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## 'A Brief Introduction to the Argand Diagram' printed from http://nrich.maths.org/

*This problem follows on from A Brief Introduction to Complex Numbers*
Watch the video below to learn about the Argand diagram.

*If you can't see the video, reveal the hidden text which describes the video*
Complex numbers can be represented on an Argand diagram. The real part of a number corresponds to the $x$ coordinate and the imaginary part of a number corresponds to the $y$ coordinate. So the number $z=x+iy$ would be represented by the point $(x,y)$.

The Argand diagram below shows the numbers $z_1=2+2i$ and $z_2=3-i$.

You can explore the Argand diagram using

GeoGebra, a free-to-download graphing package.

We have created an

online GeoGebra worksheet for you to explore the questions below.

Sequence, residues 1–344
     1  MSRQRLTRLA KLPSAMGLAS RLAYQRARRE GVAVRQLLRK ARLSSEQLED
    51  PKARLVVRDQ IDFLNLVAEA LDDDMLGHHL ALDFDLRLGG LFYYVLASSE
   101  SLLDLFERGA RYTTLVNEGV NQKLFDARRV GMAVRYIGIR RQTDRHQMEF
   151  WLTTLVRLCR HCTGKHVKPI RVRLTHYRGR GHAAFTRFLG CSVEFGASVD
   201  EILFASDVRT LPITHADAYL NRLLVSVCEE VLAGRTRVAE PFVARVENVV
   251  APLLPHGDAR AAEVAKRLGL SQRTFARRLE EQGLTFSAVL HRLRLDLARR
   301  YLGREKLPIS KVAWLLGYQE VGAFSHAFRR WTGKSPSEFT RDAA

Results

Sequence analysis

**Let $z_1$ and $z_2$ be complex numbers represented on an Argand diagram, and let $z_3$ be their product.**
**Fix $z_1$, and move $z_2$ until $z_3$ is on the x-axis.**
What can you say about the trajectory of $z_2$ as you move it to keep $z_3$ on the x-axis?

Repeat the above for other values of $z_1$, keeping a record of the values of $z_2$ and $z_3$.

- In each case, can you make predictions about where $z_2$ needs to be for $z_3$ to be on the x-axis?
- Can you predict where $z_2$ needs to be when you want $z_3$ to be
**at a given point** on the x-axis?

Can you use algebra to explain why the values of $z_2$ you found for each $z_1$ give real values for $z_3$?

**Now carry out the same process but this time aiming to keep $z_3$ on the y-axis.**
*You may want to have a go at Complex Squares next.*